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Common Carp

Common Carp
Cyprinus carpio
(Order Cypriniformes; Family Cyprinidae)

Cyprinus carpio. Photos by Alicia Oberg, July 2011

Diagnosis: The Common Carp is a part of the minnow and carp family. This fish is bronze to yellowish in color. They can range in length up to 25 inches and usually weight 1-10 lbs, but can reach weights up to 60 lbs. The Common Carp has two pairs of barbells on either side of the upper jaw. 

Natural History: Cyprinus carpio reach sexual maturity in two to three years, and it spawns in the months of May – July. They lay their eggs in vegetation that is underwater and can lay 100,000 to 500,000 eggs. The Common Carp is an introduced species of fish to the United States that has quickly spread throughout the US. This species is tolerant of low dissolved oxygen and turbid water which has allowed them to infest large geographical areas.

Distribution: The Common Carp was introduced to the United States in the 1800’s, then in the 1880’s it was used to stock farm ponds. The species quickly spread across the US because it is a tolerant species of fish.

Distribution of Cyprinus carpio in the United States. Nonindigenous Aquatic Species Database.

Habitat: Common Carp mainly live in shallow, warm water in lakes, rivers, and reservoirs.

Diet: Mostly omnivores, feeding on detritus and vegetation.

Conservation Status: Not threatened; Invasive species.

Video: The Common Carp or European Carp (Cyprinus carpio)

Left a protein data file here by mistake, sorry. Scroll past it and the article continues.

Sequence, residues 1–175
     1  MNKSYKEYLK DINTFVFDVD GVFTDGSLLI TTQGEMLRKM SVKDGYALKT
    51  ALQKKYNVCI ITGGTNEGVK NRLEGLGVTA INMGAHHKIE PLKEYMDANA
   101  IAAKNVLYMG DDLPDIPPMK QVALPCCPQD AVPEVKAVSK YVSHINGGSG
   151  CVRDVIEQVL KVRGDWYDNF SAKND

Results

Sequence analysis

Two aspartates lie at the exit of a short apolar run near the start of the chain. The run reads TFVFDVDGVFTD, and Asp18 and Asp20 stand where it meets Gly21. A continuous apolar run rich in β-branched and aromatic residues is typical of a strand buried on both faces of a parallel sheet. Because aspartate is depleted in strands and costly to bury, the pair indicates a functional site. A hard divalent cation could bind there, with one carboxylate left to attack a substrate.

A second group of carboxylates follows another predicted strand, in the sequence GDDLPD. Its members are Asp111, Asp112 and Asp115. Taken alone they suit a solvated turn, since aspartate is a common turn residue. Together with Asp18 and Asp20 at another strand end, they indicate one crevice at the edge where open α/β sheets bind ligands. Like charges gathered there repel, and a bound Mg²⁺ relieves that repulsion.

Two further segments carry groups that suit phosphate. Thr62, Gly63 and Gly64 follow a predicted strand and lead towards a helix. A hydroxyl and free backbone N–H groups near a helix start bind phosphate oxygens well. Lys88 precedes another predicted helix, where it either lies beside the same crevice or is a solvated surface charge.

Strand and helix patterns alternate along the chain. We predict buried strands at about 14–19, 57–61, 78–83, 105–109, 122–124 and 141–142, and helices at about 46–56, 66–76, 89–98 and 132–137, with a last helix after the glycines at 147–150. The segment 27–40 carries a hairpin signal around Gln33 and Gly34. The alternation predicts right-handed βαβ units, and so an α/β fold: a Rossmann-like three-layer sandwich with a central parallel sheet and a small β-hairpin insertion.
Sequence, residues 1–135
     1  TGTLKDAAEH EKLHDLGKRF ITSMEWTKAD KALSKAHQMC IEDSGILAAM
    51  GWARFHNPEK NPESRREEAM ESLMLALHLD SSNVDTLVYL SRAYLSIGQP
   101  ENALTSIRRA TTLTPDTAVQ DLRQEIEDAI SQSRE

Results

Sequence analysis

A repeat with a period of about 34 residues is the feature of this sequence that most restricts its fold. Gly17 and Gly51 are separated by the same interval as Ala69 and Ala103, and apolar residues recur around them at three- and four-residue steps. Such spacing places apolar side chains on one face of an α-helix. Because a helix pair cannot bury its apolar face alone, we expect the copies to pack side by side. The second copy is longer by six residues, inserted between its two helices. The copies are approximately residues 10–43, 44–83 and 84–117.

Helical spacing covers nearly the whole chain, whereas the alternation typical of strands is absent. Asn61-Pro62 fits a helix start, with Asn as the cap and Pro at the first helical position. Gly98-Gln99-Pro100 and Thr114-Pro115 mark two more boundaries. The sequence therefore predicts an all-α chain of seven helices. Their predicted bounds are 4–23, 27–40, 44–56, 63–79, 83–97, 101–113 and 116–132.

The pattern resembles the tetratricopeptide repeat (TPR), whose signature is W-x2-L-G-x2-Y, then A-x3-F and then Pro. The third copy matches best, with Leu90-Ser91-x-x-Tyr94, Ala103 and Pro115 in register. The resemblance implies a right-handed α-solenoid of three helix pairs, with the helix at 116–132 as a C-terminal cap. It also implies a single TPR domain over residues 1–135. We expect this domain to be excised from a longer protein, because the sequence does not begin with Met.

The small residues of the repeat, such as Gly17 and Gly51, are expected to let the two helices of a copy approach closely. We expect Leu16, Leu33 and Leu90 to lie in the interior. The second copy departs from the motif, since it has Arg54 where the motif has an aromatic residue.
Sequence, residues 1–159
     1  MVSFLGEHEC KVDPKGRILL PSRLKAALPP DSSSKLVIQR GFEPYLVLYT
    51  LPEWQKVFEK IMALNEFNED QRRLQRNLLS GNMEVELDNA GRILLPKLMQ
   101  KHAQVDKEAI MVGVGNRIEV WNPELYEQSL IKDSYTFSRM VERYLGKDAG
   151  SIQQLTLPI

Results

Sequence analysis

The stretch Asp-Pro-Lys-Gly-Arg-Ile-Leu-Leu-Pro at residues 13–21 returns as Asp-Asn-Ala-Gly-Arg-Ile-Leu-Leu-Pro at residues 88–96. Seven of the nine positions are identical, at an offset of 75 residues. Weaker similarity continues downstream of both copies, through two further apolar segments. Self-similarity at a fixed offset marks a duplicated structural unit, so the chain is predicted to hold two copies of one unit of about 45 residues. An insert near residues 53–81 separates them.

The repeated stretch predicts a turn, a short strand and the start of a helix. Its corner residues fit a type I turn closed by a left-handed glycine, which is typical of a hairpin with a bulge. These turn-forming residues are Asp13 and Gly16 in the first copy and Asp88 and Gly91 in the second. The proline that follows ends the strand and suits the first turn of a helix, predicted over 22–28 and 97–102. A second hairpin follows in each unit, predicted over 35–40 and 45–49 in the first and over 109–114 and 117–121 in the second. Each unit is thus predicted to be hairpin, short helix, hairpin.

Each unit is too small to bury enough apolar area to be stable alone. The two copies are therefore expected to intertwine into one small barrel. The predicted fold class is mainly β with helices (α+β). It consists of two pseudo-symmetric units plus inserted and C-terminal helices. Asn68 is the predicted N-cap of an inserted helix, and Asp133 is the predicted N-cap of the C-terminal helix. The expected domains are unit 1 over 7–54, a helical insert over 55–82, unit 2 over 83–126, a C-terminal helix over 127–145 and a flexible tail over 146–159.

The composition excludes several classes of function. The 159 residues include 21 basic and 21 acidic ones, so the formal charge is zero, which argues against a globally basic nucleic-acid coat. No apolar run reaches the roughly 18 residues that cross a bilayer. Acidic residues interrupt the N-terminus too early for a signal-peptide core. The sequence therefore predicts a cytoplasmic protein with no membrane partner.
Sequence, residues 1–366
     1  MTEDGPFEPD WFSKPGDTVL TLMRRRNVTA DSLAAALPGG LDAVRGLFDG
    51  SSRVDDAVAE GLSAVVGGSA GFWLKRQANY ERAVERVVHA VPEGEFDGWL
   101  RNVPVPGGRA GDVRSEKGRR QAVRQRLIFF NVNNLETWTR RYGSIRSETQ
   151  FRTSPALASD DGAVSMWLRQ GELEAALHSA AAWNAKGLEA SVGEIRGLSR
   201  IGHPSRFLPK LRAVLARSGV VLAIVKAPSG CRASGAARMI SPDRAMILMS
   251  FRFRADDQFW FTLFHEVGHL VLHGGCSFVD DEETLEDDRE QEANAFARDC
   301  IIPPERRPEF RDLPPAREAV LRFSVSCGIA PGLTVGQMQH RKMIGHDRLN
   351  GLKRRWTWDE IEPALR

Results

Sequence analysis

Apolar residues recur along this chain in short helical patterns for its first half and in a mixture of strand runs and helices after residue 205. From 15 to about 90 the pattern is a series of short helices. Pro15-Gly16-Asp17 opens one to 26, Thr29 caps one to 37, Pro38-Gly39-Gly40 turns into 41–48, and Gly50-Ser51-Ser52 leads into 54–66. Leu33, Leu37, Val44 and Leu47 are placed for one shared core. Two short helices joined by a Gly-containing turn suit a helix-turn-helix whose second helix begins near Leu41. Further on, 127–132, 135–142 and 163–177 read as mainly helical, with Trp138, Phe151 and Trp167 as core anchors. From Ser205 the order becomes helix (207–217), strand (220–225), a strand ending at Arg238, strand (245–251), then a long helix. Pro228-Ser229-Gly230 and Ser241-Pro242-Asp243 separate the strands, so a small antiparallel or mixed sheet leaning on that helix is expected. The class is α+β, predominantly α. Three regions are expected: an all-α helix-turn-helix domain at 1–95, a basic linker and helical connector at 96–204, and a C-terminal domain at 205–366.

Montana Field Guides:

YouTube: The Common Carp or European Carp (Cyprinus carpio).

Rasmussen, J.L. 1998. Aquatic nuisance species of the Mississippi River basin. 60th Midwest Fish and Wildlife Conference, Aquatic Nuisance Species Symposium, Dec. 7, 1998, Cincinnati, OH.

Smiley, C. W. 1886. Some results of carp culture in the United States. Pages 657-890 in Report of the Commissioner of Fish and Fisheries for 1884, Part XII. U.S. Commission of Fish and Fisheries, Washington, D.C

Lougheed, Vanessa L., Crosble, Barb, & Chow-Fraser, Patricia. (1998). Predictions on the effect of common carp (cyprinus carpio) exclusion on water quality, zooplankton, and submergent macrophytes in a great lakes wetland. Canadian Journal of Fisheries and Aquatic Sciences, 55(5), 1189-1197.

Image Credits:
Cyprinus carpio Site 2. Photo by Alicia Oberg, July 2011

Cyprinus carpio in hands. Photo by Alicia Oberg, July 2011

United States Distribution map from U.S. Geological Survey website

Submitted by: Erica Kuhlman, July 2011

Wichita State University
Generated on 2011. This website is continuously updated.
Comments can be sent to Mary Liz Jameson.
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